Biogas has great potential to boost the energy transition, but its production requires some improvements. The Micro4Biogas project aims to transform biogas into a competitive renewable energy source. Let us guide you with 3 visual formats – an animated video, a printed brochure and poster infographic – through our project and how it will boost biogas production, bringing society one step closer to phasing out fossil fuels.
Although there has been an improvement in the development of renewable energy, we still rely heavily on fossil fuels. In fact, according to the United Nations, fossil fuels comprise 80% of the current global primary energy demand and they are the source of approximately two thirds of global CO2 emissions. The burning of fossil fuels is already having big consequences on our climate and ecosystems, for example through global warming and ocean acidification. Not only do they have a negative environmental impact, but they are also finite and will eventually run out.
This key idea — that we must abandon fossil fuels — is how our 2-minute motion graphic video about the Micro4Biogas project begins. We wanted to show how fossil fuels are polluting the environment, so we recreated a scene in which an oil spill is contaminating the sea. This video also portrays how research has been driven towards the development of renewable energy sources, which is great! But as the voiceover of the video explains, power obtained by renewables such as wind and solar usually depends on changing weather conditions and cannot be stored. That’s why we need to ensure a continuous and sustainable energy supply that can complement the power obtained by these other renewables. And here is where biogas comes into play, since it is storable, scalable, and renewable!
1. Micro4Biogas animated project video
Biogas, but better
Why did we choose biogas? You can find a concise and schematic explanation on our brochure, but we’ll sum it up here! Biogas is a sustainable fuel that contains a mixture of methane (CH4; 55-70%), carbon dioxide (CO2; 30-40%) and traces of other gases. It is obtained when organic matter is decomposed by microorganisms, namely bacteria and archaea, inside an anaerobic digester. However, the microbes that develop this process are not well studied and thus industrial biogas production faces some efficiency issues.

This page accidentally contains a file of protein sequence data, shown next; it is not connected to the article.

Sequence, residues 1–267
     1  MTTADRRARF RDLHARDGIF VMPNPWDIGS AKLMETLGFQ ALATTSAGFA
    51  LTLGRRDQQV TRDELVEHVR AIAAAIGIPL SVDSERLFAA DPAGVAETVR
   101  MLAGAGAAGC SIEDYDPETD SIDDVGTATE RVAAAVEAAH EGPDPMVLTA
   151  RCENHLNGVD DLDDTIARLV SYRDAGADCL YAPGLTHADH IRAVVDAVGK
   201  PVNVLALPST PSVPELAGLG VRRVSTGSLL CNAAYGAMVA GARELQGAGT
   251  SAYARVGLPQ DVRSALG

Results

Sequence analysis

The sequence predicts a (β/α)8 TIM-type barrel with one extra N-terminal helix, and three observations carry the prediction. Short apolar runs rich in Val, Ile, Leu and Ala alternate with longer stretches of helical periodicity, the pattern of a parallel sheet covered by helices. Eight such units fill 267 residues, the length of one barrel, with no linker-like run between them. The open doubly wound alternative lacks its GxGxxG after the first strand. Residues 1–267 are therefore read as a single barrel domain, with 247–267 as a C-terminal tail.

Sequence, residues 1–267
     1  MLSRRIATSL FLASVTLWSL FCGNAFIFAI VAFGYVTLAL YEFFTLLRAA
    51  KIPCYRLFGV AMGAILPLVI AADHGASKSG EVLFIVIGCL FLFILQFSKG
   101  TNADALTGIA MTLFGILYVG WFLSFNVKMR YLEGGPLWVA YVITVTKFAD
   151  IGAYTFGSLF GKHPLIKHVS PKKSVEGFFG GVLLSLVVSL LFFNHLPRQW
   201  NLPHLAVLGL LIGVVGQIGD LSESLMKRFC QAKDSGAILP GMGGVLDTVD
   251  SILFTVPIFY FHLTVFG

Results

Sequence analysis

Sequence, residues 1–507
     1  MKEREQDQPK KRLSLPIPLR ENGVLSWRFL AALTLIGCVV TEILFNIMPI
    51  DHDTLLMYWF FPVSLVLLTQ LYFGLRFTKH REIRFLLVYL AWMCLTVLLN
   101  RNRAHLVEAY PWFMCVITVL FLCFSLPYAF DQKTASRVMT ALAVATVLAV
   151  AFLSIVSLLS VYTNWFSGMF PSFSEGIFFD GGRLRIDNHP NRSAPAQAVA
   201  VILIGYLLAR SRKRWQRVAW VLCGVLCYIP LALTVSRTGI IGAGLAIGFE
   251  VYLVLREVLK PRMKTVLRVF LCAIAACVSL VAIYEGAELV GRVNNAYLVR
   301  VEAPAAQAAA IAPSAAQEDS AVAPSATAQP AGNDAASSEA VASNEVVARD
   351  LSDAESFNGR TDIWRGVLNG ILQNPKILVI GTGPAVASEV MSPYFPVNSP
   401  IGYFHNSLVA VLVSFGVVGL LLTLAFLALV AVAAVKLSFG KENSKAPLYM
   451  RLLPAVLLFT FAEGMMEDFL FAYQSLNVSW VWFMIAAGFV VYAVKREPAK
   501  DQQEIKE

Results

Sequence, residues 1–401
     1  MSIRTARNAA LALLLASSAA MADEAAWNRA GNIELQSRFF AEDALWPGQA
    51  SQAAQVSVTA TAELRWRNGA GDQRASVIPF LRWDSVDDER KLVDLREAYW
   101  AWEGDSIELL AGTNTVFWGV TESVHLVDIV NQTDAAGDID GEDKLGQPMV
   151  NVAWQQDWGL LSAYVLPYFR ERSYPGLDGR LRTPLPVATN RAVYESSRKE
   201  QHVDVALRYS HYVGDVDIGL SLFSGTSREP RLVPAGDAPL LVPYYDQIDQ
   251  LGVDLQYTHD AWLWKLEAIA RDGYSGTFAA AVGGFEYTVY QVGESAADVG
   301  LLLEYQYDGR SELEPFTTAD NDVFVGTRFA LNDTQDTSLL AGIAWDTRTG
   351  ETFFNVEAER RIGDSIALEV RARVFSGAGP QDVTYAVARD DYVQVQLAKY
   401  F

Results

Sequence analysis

2. Inside pages from the printable project brochure
Through our printed brochure, which can be easily handed out at meetings and conferences, we wanted to highlight how the Micro4Biogas project aims to solve these problems by boosting the pillars of biogas production: speed, yield, quality, and reproducibility. We designated a part of the leaflet to detail these four aspects of biodigestion and the benefits that we will obtain from optimising these pillars. Now, how can we achieve that optimisation?
The survival of the fittest
Since biogas is made by microorganisms that decompose organic waste, we need to understand how these microbial communities behave to improve their production. Developing an infographic poster was the perfect way to explain our strategy online, to make biogas truly competitive. Notice how, in the infographic, we chose a horizontal distribution to show how we plan to change the status quo regarding biogas plants.
3. Micro4Biogas infographic poster
From left to right, we begin by placing the discarded organic matter in anaerobic digesters and then microorganisms transform it into biogas. Then, we’ll select the most efficient decomposers in biogas plants and tailor microbial communities for digesting waste, using directed evolution in the laboratory. In the end, these optimised microbial consortia will form the basis for novel bioaugmentation kits, which could be inoculated into anaerobic digesters for more efficient biogas production. This is a lot of work, and it will take our 14 partners from 6 different EU countries approximately 4 years. Is biogas worth all the effort?
Beyond energy production
Besides the advantages of biogas as an energy source — storable, scalable and renewable — it can also be used for waste valorisation. Organic waste is an unlimited resource for biogas production, and it can come from farming waste, sewage sludge or food waste. But that’s not all: apart from biogas, we can also obtain digestate as a by-product from the waste digestion process carried out by microorganisms. This clean fertilizer can be used on local crops, which in turn generate new biomass! We chose to represent this important cycle in our communication materials as well. For example, at the end of our motion graphic video, a truck can be seen taking the organic waste from a farm to the biogas plant, and then returning with the clean fertilizer.
By optimising the production of biogas, the Micro4Biogas project is aligned with the circular and bioeconomy goals of the European Union, towards a sustainable future. We’re excited to share more visual explainers with you during our 4-year journey. Don’t miss out on the latest updates from our blog, as well as our Twitter account!